Dear Social Grace,

What is your responsibility at the theater to people behind you when your view is blocked by the person in front of you? The theater in question was a sold-out general seating. It had very slight banking of seats, and my companion and I were at the outer edge, the very last seats together we could find. My companion took the outer seat. His view was partly blocked by the tall gentleman in front of him, but he was able to lean to an angle that worked for him (he said).

Just before the play started, the tall guy swapped seats with his much shorter companion, possibly in response to her view being blocked. Chain reaction time! I folded up my windbreaker and sat on it. The person behind my friend complained that she was short. As I still was blocked by the guy in front of me, my friend offered me his coat to add to my pile. I declined, trying to be fair to the person who had objected. It turned out somewhat uncomfortable physically for me. For the scenes where the characters were in front of the tall guy (a fairly high percentage of the play), I could see their faces, and not below that, if I craned my neck. Apparently it was worse for the woman behind my friend, as she and her companion left at intermission. My friend and I took their seats and were both able to see comfortably for the second act.

Was I remiss in augmenting what nature has failed to give me? Or is it reasonable for me to make reasonable attempts to see, and let the person behind me fend for themselves? I assume if I had been shifting my body back and forth to see, it would have been much more distracting to all those around me.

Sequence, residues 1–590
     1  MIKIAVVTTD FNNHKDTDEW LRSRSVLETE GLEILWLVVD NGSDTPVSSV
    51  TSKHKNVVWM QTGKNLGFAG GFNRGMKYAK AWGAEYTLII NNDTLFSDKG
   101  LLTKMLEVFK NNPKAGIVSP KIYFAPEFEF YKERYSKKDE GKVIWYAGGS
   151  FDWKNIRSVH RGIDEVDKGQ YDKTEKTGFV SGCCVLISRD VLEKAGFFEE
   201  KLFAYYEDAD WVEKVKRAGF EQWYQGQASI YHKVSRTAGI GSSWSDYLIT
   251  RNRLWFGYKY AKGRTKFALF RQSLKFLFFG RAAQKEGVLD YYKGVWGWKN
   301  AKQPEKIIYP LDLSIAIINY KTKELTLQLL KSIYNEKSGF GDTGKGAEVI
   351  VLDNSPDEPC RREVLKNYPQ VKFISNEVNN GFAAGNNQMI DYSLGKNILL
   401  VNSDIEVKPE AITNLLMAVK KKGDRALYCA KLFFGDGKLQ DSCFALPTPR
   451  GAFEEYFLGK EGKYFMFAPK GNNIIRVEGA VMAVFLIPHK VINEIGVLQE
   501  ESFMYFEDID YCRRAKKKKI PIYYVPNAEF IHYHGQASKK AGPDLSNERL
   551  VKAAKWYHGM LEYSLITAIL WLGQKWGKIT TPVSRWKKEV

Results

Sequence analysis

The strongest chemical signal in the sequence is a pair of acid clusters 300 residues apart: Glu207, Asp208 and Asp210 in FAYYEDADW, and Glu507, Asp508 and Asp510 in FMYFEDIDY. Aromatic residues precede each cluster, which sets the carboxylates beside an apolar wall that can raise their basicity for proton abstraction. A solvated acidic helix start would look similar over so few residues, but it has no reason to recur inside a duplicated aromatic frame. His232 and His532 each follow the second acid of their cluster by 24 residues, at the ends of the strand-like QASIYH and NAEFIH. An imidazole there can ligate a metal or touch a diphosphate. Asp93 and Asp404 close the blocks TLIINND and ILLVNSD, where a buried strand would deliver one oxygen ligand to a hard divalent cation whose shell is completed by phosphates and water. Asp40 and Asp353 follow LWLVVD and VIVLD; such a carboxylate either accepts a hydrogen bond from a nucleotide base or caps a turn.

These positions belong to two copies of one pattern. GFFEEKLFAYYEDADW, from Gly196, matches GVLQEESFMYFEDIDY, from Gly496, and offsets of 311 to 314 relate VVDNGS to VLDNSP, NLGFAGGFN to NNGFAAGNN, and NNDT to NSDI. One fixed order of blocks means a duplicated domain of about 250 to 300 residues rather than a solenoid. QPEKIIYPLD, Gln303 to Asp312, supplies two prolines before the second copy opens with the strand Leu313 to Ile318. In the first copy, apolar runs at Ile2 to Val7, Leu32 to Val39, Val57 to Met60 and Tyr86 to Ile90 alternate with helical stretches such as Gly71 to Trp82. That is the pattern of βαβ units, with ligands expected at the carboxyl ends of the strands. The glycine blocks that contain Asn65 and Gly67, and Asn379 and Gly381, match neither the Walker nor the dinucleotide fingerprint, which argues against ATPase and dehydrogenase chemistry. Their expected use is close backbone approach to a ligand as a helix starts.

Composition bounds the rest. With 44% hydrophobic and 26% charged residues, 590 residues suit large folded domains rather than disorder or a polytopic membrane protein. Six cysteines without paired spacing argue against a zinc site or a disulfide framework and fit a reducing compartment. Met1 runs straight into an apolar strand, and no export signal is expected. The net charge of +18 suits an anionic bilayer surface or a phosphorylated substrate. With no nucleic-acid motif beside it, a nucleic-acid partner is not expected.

Charles Belov

Dear Mr. Belov,

In padding your seat, you did nothing too contrary to theater-etiquette guidelines: As you suggest, constant shifting about in your seat would've been more disturbing to others in the audience. Most theater rows are staggered so that seats aren't directly behind one another, in the hope that shorter people will be able to see at least over the shoulders of any taller people in front of them. (This is one reason that we should avoid turning and whispering in a companion's ear during a play -- it may block the view of people behind us.) Indeed, it is not unheard of for theaters to supply booster seats for people who are very small.

Sometimes the price we pay for live theater is less-than-perfect comfort. I'd love to believe that, in a situation such as this, no one would be left to "fend for themselves." If you are very tall, perhaps you could try to be aware of people behind you struggling to see. A shift in one direction or another may make a difference to the person behind you without compromising your comfort too much. But I wonder why no one here sought out an usher. I attend the theater fairly regularly, and I've witnessed more than one usher satisfactorily resolve this sort of problem.

About The Author

Social Grace